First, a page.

Interesting article. I would think AA's liquidity would help it through this period better than some other airlines. Are employees really that unhappy? I really don't see it and I fly AA lots, but then again, I'm always in a good mood when I'm about to hop on a plane.
Commavia From United States of America, joined Apr 2005, 12488 posts, RR: 62
Reply 1, posted (7 years 2 months 13 hours ago) and read 2073 times:
Quoting Ualcsr (Thread starter): I would think AA's liquidity would help it through this period better than some other airlines.
It will. I doubt AMR will be filing for bankruptcy anytime soon, as they still have enormous cash reserves that they have very shrewdly built up and protected over the last few years of consistently positive cash flow. They are now having to spend that cash to maintain operations as they slip back into losses, but they should be okay (assuming no other terrorist attack, other massive market/economic shock, etc.). The sale of American Beacon Advisors (formerly AMR Investments) is probably not to far off on the horizon, and that sale will probably yield AMR somewhere in the neighborhood of $500M - not a small chunk of change, to be sure.
As the article points out - AA's employees are just about the best-compensated of any airline's in America these days, and yet they're still not happy because senior management has gotten millions in (now far-less-valuable) stock options.
But, as the analyst in the article points out, this is more of a short-term, "bitchy employees = poor service to customers" problem, not an "uncompetitive labor costs = bankruptcy" problem.
There are three reasons for this: first, while AA's unions (all currently in some form of negotiations with AMR on their next contract) all want ridiculous and unreasonable pay raises, they all know they'll never get them. And as the quote in the article correctly stated, even if the pilots or flight attendants in particular decide to push the issue to arbitration or a strike, they'll likely lose because everyone who is objectively and rationally looking at the numbers can plainly see the facts: they're already overpaid compared to their peers.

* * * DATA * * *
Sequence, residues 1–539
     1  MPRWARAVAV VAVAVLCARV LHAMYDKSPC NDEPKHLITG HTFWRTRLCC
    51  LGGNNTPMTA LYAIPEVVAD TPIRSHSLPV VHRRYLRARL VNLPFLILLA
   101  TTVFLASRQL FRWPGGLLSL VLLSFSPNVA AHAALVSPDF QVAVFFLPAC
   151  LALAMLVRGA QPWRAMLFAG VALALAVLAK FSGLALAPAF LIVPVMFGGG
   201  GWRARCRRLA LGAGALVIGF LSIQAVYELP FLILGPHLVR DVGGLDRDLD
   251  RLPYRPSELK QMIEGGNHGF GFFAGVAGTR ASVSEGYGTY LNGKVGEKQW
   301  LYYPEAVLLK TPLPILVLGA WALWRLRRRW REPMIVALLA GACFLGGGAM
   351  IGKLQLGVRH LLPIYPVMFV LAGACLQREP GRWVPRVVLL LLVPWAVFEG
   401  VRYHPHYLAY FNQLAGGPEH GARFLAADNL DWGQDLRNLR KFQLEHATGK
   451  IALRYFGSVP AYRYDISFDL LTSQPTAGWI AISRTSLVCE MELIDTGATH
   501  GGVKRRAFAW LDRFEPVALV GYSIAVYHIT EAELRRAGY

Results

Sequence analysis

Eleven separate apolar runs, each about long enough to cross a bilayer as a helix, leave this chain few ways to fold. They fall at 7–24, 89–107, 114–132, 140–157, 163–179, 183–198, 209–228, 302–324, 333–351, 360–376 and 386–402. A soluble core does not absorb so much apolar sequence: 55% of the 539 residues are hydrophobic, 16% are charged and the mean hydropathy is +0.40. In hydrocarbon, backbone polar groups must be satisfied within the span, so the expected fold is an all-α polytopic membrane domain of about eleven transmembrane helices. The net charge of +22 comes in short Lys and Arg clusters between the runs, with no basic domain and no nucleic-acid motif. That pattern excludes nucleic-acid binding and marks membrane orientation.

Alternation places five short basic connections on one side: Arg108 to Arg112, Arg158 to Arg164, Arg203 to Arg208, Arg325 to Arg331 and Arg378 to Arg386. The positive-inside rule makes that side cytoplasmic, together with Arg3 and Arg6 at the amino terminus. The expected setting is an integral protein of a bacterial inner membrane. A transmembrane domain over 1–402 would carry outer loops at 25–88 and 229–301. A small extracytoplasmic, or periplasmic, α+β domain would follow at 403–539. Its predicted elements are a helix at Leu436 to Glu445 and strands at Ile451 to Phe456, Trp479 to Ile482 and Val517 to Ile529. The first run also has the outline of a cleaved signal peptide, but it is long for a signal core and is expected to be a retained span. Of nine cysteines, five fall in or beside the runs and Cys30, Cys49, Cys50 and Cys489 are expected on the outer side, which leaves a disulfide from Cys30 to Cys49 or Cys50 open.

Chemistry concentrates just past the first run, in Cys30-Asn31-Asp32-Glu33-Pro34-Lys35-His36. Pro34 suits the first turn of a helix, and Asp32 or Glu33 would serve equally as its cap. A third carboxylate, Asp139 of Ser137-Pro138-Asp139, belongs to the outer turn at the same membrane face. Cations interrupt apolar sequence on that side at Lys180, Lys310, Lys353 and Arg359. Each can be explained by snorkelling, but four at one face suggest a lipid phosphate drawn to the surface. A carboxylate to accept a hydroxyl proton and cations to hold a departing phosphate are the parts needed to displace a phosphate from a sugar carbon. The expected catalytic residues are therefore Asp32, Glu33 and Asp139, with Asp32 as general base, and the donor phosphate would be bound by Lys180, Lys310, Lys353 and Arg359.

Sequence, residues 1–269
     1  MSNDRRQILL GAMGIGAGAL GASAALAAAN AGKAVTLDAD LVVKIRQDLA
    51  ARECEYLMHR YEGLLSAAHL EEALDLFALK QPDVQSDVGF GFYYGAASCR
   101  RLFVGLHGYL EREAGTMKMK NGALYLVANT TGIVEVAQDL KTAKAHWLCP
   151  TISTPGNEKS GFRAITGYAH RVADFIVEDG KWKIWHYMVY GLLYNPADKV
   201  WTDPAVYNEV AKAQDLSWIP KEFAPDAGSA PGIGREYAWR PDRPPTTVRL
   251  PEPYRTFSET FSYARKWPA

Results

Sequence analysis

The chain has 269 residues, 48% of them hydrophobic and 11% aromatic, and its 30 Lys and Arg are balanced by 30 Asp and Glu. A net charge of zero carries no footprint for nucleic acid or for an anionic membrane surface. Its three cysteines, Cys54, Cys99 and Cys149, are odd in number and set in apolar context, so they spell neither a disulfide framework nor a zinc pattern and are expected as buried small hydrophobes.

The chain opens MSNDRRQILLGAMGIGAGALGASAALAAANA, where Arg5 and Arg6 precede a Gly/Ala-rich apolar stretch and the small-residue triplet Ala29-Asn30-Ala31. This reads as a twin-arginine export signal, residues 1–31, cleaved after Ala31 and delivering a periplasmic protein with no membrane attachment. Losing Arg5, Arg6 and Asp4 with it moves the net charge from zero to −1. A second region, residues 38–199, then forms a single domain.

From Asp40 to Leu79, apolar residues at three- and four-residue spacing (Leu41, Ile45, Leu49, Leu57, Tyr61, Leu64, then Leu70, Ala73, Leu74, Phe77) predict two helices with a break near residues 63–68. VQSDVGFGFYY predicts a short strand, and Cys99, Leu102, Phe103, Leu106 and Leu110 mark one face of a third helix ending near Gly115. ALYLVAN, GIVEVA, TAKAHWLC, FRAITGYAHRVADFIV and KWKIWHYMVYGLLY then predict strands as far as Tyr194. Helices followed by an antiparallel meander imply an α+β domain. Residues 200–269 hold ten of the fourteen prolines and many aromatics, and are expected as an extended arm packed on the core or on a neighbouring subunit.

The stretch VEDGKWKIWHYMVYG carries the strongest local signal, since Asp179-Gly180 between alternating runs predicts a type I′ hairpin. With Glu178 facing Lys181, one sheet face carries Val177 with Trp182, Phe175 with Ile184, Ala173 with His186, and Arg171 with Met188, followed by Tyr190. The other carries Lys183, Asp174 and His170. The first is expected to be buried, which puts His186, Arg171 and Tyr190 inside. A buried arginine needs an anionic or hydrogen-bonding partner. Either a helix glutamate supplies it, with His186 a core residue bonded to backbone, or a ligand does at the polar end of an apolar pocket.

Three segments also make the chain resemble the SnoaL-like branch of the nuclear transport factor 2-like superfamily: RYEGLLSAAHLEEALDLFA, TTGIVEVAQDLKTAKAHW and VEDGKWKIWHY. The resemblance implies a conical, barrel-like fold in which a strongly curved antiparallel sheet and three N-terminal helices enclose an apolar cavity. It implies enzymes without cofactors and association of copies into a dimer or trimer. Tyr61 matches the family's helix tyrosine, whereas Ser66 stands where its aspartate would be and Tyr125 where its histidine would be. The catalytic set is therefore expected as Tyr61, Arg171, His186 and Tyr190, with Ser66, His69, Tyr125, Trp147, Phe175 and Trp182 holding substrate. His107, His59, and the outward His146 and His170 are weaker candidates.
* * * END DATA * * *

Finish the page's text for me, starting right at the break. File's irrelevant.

Secondly, the other dynamic that will begin to help AMR on the labor cost uncompetitiveness front is that other airlines' labor costs are certain to rise in the next 2-4 years, as they're post-bankruptcy union contracts come up for renewal. Airlines that exacted enormous wage and benefit concessions (far worse than anything that AMR employees had to endure) from their unions through bankruptcy are going to want a piece of the pie back, and they too, like AMR's unions, will get it - at least some of it. That will help.
Finally, the other thing that will help AMR and, indeed, the entire domestic industry in the next 18-24 months, is that Southwest's fuel hedges are slowly beginning to expire. Southwest's enormous fuel hedging program has allowed them to maintain lower fares than competitors for the last few years because their fuel bill has been artificially lower than everyone else's. At the same time, their labor costs have skyrocketed (now, astoundingly, among the highest in the industry). As their fuel hedges begin to expire, so too their fares will begin to rise, and in so doing "lift all boats" in terms of fares for the industry - since Southwest pretty much sets the price in many of the markets they compete it.